Gulliver’s Wife takes place in early 18th century London, telling the story of a mother and daughter, Mary Burton Gulliver and Bess Gulliver. The hard-wrought balance that Mary has achieved on her own as a successful midwife is thrown into disarray by the return of her husband, Lemuel, who has far-fetched claims about his time away. His erratic and selfish nature threatens to topple the balance and security of their family.
The mother and daughter relationship is one of the many aspects of this novel that resonated with me—the connection between Bess and Mary is imperfect and this gave it authenticity. Bess’s desire for independence and adventure is tempered by her mother’s protectiveness in a London where attacks on women are frequent. Added to the tension is Mary’s wish for her daughter to follow in her footsteps by becoming a midwife, a path Bess is unsure of. I empathized with Bess’s willful and sometimes self-conscious nature but also with Mary’s motivations. Her experience of marriage has been one of uncertainty and disappointment. Midwifery has kept them from poverty in her husband’s absence and she wants Bess to have a safety net.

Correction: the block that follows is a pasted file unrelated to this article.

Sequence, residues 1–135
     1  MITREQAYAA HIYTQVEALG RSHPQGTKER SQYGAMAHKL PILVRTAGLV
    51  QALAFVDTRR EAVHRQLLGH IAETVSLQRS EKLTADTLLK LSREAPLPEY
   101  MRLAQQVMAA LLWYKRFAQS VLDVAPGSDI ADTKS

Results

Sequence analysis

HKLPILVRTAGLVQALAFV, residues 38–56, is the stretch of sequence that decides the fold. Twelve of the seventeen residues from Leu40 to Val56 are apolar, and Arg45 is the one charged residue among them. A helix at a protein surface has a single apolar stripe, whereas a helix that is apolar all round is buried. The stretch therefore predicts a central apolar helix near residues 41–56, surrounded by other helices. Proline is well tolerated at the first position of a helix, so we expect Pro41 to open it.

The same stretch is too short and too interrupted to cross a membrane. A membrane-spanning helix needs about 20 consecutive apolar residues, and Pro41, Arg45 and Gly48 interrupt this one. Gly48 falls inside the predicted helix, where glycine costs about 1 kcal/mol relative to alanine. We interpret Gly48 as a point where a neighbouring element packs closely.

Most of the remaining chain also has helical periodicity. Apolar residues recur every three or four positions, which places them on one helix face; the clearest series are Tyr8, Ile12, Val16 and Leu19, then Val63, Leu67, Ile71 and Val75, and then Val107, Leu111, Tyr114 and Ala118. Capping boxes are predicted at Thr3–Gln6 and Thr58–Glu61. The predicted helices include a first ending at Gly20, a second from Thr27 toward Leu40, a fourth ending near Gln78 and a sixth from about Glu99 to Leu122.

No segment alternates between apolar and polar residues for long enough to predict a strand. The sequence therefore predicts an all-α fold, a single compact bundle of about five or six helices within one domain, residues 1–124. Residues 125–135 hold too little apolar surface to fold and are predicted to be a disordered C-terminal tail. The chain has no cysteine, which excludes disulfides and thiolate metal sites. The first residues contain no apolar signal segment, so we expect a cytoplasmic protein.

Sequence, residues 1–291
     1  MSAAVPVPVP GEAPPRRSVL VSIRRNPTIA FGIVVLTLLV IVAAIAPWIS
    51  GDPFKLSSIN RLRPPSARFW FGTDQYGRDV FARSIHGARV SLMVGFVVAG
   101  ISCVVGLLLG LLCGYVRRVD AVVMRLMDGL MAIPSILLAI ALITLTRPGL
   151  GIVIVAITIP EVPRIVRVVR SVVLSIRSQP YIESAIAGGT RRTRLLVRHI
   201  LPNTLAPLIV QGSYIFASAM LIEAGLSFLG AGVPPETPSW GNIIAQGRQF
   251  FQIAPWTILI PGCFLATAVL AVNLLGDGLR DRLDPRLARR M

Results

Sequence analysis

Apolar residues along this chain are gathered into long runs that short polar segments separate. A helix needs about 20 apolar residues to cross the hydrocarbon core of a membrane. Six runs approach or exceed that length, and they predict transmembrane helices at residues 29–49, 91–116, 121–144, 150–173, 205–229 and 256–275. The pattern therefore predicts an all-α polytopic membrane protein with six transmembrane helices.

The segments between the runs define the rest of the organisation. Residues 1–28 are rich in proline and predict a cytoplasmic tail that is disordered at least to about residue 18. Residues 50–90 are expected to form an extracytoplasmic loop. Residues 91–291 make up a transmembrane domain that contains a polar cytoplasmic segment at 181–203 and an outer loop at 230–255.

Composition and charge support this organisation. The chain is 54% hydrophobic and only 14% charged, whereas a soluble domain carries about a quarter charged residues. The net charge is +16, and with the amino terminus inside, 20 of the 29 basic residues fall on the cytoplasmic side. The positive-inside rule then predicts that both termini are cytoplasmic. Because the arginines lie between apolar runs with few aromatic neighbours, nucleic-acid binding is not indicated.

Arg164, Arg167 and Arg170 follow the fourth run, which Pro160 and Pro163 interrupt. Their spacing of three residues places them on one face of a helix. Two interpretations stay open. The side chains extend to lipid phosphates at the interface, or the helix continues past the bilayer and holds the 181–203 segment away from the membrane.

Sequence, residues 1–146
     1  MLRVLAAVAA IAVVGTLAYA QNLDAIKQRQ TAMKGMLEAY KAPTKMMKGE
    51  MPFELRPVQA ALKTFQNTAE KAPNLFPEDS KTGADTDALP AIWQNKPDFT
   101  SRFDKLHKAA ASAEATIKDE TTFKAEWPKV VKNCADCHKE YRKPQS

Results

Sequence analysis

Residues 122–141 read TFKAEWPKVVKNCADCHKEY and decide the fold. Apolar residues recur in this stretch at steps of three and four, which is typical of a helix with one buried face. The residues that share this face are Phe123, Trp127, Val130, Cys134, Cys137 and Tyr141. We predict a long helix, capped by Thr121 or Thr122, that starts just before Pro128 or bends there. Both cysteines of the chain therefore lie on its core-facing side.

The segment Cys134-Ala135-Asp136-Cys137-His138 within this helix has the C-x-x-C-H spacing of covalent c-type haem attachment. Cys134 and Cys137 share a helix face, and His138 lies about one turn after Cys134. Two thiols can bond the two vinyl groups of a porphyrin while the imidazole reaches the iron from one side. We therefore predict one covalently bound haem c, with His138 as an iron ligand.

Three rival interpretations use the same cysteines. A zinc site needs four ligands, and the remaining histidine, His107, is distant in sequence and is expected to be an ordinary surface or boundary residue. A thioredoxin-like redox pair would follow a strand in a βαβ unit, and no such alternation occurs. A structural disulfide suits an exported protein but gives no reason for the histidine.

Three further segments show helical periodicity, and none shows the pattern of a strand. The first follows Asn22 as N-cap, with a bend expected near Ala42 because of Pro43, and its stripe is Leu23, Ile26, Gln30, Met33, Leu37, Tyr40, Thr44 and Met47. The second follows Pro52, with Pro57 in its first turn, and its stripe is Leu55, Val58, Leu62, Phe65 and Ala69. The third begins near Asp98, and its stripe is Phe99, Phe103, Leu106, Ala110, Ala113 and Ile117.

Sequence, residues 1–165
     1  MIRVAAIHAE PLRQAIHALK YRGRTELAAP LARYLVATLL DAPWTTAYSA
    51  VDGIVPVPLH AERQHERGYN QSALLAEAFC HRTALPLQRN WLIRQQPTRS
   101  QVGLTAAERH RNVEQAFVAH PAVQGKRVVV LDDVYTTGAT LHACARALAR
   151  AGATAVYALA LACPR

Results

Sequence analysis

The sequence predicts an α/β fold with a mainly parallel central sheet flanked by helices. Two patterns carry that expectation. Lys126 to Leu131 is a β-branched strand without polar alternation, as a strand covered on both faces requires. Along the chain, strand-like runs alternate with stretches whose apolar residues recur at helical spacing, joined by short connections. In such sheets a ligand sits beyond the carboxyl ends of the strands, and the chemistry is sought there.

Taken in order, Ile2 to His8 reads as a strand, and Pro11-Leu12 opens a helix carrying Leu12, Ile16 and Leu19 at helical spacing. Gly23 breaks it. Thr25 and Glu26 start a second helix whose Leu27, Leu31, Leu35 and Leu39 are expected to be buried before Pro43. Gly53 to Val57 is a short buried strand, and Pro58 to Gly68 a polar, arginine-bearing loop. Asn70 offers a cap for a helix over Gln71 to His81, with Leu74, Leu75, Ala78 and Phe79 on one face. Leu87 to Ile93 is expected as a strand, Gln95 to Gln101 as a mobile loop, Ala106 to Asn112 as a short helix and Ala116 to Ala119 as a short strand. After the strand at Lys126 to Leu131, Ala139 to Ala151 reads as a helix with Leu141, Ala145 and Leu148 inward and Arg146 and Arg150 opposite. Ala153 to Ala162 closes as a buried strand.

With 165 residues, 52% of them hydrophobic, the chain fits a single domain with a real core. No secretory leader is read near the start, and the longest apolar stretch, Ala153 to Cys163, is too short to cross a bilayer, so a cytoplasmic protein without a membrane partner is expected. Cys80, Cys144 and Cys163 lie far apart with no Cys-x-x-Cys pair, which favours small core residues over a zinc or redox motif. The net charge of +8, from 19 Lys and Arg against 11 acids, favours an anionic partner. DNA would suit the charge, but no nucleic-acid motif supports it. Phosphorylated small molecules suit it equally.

Gulliver’s Wife is a rich novel with a lens that encompasses the intimacy of family and the wider issues of early 18th century London. The practice of midwifery was under threat with the invention of forceps and Hugh Chamberlen’s campaign to reduce midwives’ influence and credibility. He aimed to make forceps an essential part of childbirth and remove the influence of women in the birth process. It was interesting to reflect on how this early interference has led to birth becoming the medicalised experience it is today.
Lauren Chater is also masterful with sensory prose—I was totally immersed in the world she created. I could see it, smell it, hear it. I loved Bess’s curious and fiery nature—she felt very real as a teenager to me. As a mother I connected with Mary’s character—trying to hold it all together and at the same time maintain a strong bond with her daughter.
Gulliver’s Wife is well-paced, beautifully written and moving. Highly recommended. Thanks to Simon & Schuster Australia for my ARC copy.
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It looks good.
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